You know what makes me happy?  Hearing my two year old say, “Papa go to work.”  She doesn’t understand that I am transitioning out of the military.  I have been blessed by my supervisors to be given the time to prepare to exit the military.  Most importantly to spend time with my family.  My two year old sees me when she wakes up and I am usually still up with here till she falls asleep. (She is a night owl like me). Spending time with my family makes me happy.  Planning our future (loosely by design) makes me happy.  Serving in the military is very rewarding (not paywise) and demanding.  It’s not overtly hard, but very dangerous.  It used to make me extremely happy.  Ask my wife.  She will tell you that it has been my mistress for years.  I lived and breathed the Army and it took its toll on my relationships.  All of them. After a while I started to turn very pessimistic.  I saw the good in nothing.  The job became mundane. I couldn’t find ways to challenge myself. I dreaded going to work and my face showed it. But I still gave it my all in my job.  Wierd, huh?  Not really. See I dreaded the politics of the military.  The back stabbing, the jockying for postion, and the crab in the barrell mentality.  I have only been in two units out of ten that did not have an atmosphere like that.  Wish I had more. Well, I will take that back.  I was very happy serving as a First Sergeant.  The last postion I served in.  When I was in charge with my Commander we on purpose fostered an environment of inclusion, teamwork, transparency and creativity. We made a pact that if we insured the soldier’s home life was intact and thriving, that they would be more productive  at work.  I think it worked from the praises and accolades we got from superiors and other units throughout Ft. Bragg, North Carolina.   We did not hold anyone’s hands.  We allowed them to do their jobs. It was the best 10 months in a long time.  That was happiness. But I still decided to retire. I wanted to be happy more often.  I wanted to be happy a lot.  Even though I haven’t been or worked in the civilian world in over two decades, I am happy. Nervous, but happy.  Anxious, but happy.  Because regardless whether I am hired on somewhere or stay home and go to school we will be happy.  Money?  We got enough to survive and we are downsizing on purpose to start anew. Happiness is the key. -alv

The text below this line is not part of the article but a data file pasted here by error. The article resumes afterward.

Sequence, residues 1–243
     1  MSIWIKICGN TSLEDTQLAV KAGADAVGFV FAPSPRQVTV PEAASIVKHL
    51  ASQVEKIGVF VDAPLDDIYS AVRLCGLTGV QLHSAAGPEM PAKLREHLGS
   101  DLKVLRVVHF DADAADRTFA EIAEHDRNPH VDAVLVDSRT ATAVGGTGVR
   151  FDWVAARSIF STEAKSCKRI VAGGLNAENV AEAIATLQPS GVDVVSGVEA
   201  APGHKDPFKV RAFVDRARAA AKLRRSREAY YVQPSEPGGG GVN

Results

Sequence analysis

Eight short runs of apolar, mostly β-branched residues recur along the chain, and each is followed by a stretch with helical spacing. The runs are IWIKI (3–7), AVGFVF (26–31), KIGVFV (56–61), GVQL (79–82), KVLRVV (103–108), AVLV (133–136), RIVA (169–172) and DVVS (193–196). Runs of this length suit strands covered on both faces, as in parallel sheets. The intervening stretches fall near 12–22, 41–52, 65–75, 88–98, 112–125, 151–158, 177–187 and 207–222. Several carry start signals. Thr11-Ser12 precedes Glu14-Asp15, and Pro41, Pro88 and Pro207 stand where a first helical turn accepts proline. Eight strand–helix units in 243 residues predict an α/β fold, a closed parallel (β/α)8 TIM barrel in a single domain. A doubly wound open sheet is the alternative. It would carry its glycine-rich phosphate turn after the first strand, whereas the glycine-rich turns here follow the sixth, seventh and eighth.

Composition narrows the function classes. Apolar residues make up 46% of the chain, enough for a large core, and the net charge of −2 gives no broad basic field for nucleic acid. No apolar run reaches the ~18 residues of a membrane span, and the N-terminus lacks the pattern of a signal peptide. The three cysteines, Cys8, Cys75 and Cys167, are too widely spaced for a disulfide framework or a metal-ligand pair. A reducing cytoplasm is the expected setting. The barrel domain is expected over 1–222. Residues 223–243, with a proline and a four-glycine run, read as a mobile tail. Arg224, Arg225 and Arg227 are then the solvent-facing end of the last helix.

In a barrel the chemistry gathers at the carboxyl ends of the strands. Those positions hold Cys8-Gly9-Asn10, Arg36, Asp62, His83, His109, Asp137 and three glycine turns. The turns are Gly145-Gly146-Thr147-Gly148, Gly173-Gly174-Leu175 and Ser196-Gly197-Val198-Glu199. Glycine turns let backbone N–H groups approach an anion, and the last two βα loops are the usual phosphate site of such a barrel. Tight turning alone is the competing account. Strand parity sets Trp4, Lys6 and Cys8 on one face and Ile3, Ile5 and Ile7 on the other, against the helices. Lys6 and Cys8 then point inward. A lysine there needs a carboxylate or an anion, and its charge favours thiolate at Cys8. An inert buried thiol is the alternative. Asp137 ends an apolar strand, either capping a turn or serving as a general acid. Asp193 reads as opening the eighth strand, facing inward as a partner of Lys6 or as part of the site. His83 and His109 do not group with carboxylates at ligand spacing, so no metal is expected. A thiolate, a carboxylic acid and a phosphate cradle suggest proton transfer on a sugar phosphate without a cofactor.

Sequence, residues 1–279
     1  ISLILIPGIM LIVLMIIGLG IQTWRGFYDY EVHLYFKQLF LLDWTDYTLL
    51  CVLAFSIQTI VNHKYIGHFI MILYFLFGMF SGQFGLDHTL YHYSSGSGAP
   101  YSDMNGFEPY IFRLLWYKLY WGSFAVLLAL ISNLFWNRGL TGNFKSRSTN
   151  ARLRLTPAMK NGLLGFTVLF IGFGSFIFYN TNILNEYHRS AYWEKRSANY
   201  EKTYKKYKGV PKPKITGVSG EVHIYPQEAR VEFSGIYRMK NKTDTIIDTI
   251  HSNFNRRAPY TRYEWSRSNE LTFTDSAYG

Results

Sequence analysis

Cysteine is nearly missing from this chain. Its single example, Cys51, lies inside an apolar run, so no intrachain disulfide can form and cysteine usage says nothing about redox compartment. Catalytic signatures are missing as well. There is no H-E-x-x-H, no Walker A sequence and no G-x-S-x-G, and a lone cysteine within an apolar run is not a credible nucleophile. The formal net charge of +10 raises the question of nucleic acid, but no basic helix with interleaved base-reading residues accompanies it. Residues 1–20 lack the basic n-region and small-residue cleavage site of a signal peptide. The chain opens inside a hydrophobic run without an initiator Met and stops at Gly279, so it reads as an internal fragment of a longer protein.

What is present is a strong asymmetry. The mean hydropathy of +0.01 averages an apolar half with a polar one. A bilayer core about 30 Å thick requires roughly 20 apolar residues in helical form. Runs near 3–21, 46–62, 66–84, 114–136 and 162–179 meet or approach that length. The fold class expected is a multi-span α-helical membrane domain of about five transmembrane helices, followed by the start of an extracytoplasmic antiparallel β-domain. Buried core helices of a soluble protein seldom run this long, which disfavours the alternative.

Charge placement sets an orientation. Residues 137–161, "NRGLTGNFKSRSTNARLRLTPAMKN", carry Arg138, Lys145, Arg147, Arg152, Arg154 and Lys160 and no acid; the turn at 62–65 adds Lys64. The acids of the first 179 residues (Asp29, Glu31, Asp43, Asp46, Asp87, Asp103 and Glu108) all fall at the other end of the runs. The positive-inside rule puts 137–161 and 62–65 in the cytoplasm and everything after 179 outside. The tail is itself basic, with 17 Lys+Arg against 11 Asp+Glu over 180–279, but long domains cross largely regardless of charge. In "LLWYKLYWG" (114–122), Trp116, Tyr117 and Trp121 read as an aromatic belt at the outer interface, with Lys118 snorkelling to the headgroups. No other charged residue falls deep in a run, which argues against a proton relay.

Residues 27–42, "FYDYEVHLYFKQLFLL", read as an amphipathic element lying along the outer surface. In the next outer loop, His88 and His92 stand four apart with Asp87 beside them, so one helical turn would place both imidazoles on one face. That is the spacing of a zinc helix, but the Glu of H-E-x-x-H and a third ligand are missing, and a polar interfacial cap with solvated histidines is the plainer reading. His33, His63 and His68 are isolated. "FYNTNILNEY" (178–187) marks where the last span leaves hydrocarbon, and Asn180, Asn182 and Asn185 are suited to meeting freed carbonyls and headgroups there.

4 thoughts on “Happiness

  1. It’s so important to do so. Finding that balance is so crucial. But when you do things that you love happiness just comes right along. Whatever it is when make the time life truly gets better and making the choice to be happy is such a joyous experience day in and day out!

    Liked by 1 person

  2. That’s my mantra– Choose Your Happy… and it certainly seems you have. I go to work every day and serve Veterans in my area who shun happiness or embrace it. Glad you are embracing yours.

    Liked by 1 person

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